Each element has its own job. The government's main duty is to do destination and image promotions in foreign countries, and we don't sell certain hotels like the Hilton or Hyatt.
What is most important for the government is to create an image that Indonesia is a nice and appealing place to visit.
The private sector can promote their specific products but both the government and the private sector must coordinate to effectively do promotion campaigns.
Due to a limited budget, the government can only invite a small number of foreign tour operators to visit Indonesia and to see what is really happening here. The frequent news coverage on Indonesia by foreign media is sometimes exaggerated.
Indonesia is a large country. Strife-torn areas are far from the capital city of Jakarta and other popular tourist destinations like Bali.
In line with the government's plan to implement regional autonomy in every sector, including tourism, provincial and regional administrations have the right to promote their respective tourist attractions using regional budgets.
Q: What kind of tourism is in the frame of regional autonomy?
A: Basically, the implementation of regional autonomy is a manifestation of democracy in which people in every respective area have the right to express their aspirations and to determine their own lives.
The central government will hand over its authority to regional and provincial administrations including the issuance of licenses for the operation of tourist businesses, technical and consultation guidance, monitoring and enforcement of laws.
The division of revenue between the central and regional governments will be regulated by law.
The law also mentions that natural tourist attractions on land, sea and in other places will belong to the regional authority. The development of tourist attractions will be managed by both provincial and regional administrations.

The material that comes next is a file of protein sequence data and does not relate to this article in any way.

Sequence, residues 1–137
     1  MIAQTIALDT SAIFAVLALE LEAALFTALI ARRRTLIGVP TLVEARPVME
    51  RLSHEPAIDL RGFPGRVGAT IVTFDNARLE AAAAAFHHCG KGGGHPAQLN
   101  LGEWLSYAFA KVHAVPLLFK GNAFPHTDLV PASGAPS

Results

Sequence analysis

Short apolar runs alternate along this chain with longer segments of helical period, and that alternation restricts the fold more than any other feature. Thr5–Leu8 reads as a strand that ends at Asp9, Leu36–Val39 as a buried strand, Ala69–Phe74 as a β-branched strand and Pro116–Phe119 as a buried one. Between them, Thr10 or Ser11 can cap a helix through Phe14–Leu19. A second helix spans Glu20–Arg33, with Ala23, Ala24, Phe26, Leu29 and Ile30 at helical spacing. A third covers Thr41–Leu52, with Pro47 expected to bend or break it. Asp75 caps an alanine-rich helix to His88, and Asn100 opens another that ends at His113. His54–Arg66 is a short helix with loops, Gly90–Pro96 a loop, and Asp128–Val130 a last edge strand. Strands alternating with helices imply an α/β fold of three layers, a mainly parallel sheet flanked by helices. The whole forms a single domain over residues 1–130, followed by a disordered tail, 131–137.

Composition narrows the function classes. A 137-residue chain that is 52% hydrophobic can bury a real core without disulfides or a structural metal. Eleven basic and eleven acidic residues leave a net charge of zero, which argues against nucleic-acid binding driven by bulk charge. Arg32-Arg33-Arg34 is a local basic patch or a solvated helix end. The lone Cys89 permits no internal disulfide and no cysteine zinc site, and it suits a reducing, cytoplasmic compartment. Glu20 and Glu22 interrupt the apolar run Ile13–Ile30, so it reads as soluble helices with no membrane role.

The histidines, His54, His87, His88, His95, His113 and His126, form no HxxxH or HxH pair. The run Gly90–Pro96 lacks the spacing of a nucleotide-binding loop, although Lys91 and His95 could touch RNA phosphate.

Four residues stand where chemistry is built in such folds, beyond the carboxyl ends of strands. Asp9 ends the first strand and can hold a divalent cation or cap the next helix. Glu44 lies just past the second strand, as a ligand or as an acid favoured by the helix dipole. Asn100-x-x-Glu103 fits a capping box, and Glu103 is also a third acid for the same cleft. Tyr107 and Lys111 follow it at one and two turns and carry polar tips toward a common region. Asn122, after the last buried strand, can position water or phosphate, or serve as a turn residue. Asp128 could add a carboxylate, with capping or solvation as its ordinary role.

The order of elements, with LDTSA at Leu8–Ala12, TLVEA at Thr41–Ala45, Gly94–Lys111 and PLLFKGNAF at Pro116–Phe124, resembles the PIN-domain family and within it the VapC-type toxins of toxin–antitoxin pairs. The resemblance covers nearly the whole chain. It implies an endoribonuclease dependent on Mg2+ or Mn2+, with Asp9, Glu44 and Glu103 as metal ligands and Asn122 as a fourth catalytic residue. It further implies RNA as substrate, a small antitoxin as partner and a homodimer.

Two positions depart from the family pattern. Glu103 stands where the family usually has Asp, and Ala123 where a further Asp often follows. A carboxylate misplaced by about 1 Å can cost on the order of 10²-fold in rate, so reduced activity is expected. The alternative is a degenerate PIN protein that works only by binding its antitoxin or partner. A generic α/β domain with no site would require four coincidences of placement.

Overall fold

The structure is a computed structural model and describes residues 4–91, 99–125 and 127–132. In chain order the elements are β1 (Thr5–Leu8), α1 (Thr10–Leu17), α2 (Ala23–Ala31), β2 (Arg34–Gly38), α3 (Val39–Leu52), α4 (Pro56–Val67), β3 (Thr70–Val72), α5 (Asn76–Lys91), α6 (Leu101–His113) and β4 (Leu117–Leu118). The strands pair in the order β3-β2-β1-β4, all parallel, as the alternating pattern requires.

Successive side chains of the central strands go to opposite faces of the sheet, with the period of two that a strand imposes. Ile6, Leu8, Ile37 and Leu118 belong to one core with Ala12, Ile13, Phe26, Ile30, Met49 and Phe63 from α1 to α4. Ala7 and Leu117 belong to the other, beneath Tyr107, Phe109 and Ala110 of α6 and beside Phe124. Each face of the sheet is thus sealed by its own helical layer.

This also includes promotional activities. Each regency is now able to determine its major tourist attractions and to decide its markets.
Physically, according to the law, all tourist attractions are controlled by the regional administration. A tourist resort, which is located in more than one regency, will be controlled by a provincial government.
Q: Are local governments ready to receive this huge responsibility and authority?
A: Everyone always asks this question. In my opinion, we can no longer delay the transfer of authority. We used to postpone autonomy because we were afraid that regional governments and related agencies were not ready. If we keep on asking ourselves whether we are ready or not, the answer will be no.
It is true that some of my colleagues in regional areas are not well-prepared. Our main priority in 2001 is to upgrade human resources at the regional level. But because of a lack of funds, we will first focus on provinces which have a robust tourism.
We also have to precisely identify the possible problems that might appear during the implementation of regional autonomy.
Q: How do you see the outlook for tourism in 2001?
A: I really hope we can gradually solve our national problems -- economic, social and political, as well as the security issue.
We cannot attract visitors if the condition in our country is still in chaos. All parties are required to show their strong commitment to create a safe and attractive Indonesia.